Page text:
473,883 Members | 1,632 Online
Bytes | Software Development & Data Engineering Community
+ Post

Home Posts Topics Members FAQ

Is this good style of C++?

Recently I happens to read some sourcecode which has different style
from my previous experience.

In this style, all functions return a RETURN_TYPE_T which is defined as
typedef unsigned int RETURN_TYPE_T;
and the return value can only be enum value
enum
{
SUCCESS = 0,
FAILURE = 1,
ABORT = 2
};
If a function should return a object, the API is not like
Foo getFoo();
or
Foo* getFoo();
Instead, it is declared as
RETURN_TYPE_T getFoo(Foo* foo);
The caller has to new a Foo or get pointer to Foo object through other
way first, and then call this method with the pointer as parameter.

The function fill valuable info into the Foo object pointed by the
paramter. The result of invocation is judged by inspecting the returned
RETURN_TYPE_T value.

This style of coding seems strange to me, but I am told that it is a
good style, because it applys the rule "Who creates it, who releases
it". As a result, this style are supposed to reduce risk of memory leak.

I am still not quite convinced. Anybody with long time C++ exprirence
can give some comments?
Thanks & Regards

Jul 22 '05 #1
29 2027
Cheng Mo wrote:
Recently I happens to read some sourcecode which has different style
from my previous experience.

In this style, all functions return a RETURN_TYPE_T which is defined as
typedef unsigned int RETURN_TYPE_T;
and the return value can only be enum value
enum
{
SUCCESS = 0,
FAILURE = 1,
ABORT = 2
};
If a function should return a object, the API is not like
Foo getFoo();
or
Foo* getFoo();
Instead, it is declared as
RETURN_TYPE_T getFoo(Foo* foo);
The caller has to new a Foo or get pointer to Foo object through other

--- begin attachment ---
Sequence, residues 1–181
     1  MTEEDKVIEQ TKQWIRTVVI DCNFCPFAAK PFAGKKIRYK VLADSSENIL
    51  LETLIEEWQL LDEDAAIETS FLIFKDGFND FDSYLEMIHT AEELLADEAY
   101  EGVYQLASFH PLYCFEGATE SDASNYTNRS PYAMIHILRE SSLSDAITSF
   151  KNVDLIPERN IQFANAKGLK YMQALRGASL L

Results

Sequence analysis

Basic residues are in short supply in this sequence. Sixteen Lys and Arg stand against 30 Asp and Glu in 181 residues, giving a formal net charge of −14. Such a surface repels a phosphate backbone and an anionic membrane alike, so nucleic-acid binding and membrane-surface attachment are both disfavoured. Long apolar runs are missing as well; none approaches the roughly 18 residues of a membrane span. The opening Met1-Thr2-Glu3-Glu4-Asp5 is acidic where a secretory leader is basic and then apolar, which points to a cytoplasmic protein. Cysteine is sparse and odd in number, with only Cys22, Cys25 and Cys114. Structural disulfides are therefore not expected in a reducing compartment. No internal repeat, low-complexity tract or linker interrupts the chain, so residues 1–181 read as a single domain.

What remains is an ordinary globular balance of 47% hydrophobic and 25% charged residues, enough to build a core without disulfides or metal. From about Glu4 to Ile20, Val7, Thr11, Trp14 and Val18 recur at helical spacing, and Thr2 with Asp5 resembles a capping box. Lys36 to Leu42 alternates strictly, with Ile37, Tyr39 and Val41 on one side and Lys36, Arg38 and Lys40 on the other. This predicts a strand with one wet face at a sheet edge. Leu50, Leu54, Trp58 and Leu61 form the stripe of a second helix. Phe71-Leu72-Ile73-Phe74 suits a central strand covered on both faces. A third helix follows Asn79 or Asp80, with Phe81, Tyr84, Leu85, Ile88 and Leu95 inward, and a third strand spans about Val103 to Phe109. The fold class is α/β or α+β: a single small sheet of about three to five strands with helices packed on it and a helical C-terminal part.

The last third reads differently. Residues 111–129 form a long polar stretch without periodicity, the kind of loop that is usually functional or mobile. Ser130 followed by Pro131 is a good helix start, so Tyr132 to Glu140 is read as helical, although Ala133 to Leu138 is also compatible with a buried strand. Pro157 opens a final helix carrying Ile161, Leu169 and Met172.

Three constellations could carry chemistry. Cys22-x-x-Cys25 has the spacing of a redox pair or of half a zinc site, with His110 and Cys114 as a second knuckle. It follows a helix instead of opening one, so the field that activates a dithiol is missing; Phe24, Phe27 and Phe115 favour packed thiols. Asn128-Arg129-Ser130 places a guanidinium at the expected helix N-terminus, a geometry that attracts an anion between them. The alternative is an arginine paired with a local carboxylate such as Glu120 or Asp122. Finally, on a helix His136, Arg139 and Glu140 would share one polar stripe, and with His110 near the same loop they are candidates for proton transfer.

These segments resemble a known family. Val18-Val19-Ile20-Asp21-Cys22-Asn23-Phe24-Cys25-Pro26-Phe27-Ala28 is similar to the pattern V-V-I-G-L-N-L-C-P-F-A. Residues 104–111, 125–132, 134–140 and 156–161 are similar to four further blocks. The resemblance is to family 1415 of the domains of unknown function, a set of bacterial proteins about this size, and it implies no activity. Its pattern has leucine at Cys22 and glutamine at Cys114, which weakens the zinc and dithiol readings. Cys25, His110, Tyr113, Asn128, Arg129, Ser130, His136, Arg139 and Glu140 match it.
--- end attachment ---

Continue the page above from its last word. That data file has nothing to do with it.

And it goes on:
way first, and then call this method with the pointer as parameter.

The function fill valuable info into the Foo object pointed by the
paramter. The result of invocation is judged by inspecting the returned
RETURN_TYPE_T value.

This style of coding seems strange to me, but I am told that it is a
good style, because it applys the rule "Who creates it, who releases
it". As a result, this style are supposed to reduce risk of memory leak.

I am still not quite convinced. Anybody with long time C++ exprirence
can give some comments?



If such a style is used in an application for a particular reason (that
is, it is not a style), then it is OK.
Otherwise as a *general style* of programming for C++ it looks primitive
and ancient.
If you want to handle errors you had better use exceptions, and not
return error code checks that this style implies.
If you want to create bullet proof code without memory leaks or *any
other resource* leaks, use "Resource Acquisition is Initialisation" (RAII):
http://groups.google.com/groups?q=%2...ntua.gr&rnum=1


--
Ioannis Vranos

http://www23.brinkster.com/noicys
Jul 22 '05 #2
All in all its horrible.

"Cheng Mo" <mo******@nospa m.nospam> skrev i en meddelelse
news:co******** **@avnika.corp. mot.com...
Recently I happens to read some sourcecode which has different style from
my previous experience.

In this style, all functions return a RETURN_TYPE_T which is defined as
typedef unsigned int RETURN_TYPE_T;
and the return value can only be enum value
enum
{
SUCCESS = 0,
FAILURE = 1,
ABORT = 2
}; Do not use UPPERCASE_ONLY for values. These names should be reserved for